To make programing as versatile, inclusive and engaging as possible, the third project area is Open Dialogue Sessions (ODS), intended to present multiple artistic disciplines, combine and/or integrate art forms; explore, fuse or transcend art disciplines and look to new forms of expression all in response to A + D themes. As with the art exhibition, ODS involve a call for participation with a committee of volunteers selecting up to 20 artists to present throughout the 16 days of the project. The call for ODS participants can be found at

According to Taneka Bennett, ODS Committee member and Greenhill Board Member, “Art is a powerful form of expression, a universal language;  having multidisciplinary artists as an integral part of A + D adds layers to the conversation, whether it is spoken word, video shorts, monologues, music or dance. To ensure we create a welcoming and impactful environment, it is essential that the ODS represent the diversity and inclusive nature of all art forms, and we are so looking forward to what we will experience throughout this project.”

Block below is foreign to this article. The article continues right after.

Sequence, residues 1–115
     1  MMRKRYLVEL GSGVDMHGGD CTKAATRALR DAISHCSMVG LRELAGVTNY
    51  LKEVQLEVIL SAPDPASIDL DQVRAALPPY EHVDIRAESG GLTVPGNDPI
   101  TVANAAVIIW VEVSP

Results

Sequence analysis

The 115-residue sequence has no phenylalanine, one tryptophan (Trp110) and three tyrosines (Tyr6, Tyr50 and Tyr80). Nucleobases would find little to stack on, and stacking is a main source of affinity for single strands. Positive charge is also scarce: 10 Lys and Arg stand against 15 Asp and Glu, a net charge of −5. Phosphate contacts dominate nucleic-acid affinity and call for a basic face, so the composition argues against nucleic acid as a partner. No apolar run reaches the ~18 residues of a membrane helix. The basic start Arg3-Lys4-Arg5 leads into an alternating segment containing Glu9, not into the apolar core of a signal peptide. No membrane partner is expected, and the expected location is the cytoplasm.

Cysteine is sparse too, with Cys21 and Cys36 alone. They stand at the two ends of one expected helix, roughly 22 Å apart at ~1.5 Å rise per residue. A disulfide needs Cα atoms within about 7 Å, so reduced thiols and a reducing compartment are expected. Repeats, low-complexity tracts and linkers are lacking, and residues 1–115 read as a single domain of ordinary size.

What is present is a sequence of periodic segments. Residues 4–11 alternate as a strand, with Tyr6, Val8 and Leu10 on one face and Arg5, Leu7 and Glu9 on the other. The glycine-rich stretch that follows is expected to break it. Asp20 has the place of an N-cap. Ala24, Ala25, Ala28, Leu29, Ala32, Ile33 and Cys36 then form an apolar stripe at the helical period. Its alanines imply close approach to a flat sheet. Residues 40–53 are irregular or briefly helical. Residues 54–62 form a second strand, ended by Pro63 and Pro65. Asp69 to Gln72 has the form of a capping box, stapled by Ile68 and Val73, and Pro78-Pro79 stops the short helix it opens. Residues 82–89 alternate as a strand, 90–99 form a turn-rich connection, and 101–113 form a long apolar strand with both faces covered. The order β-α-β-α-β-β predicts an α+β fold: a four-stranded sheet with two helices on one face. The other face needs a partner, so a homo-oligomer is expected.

When asked to summarize why these five organizations would take on this project, the answer was a simple one for  Laura Way, Executive Director at Greenhill,  “A + D is an important way in which each organization can share their unique voice to the important nationwide conversations going on today. There are so many people in both our Greensboro community and NC, artists and non-artists, who come from diverse backgrounds, but share a common belief that individuals can make transformative impact on their community. We need to look beyond today’s limitations to see a world of new possibilities, where dialogues around racial tension are not impolite or taboo but part of an ongoing conversation about how to make our community grow and thrive together. My hope is the art, open dialogues, and panel conversations that will be included in A + D spark deep and meaningful conversations, both while we are together for the 16 days and after the project ends—that people who attend leave with a sense of empowerment and transformation, and are able to talk about what they are feeling and listen with care and respect to new and different perspectives about the difficult issues surrounding equity, equality, and the common good.”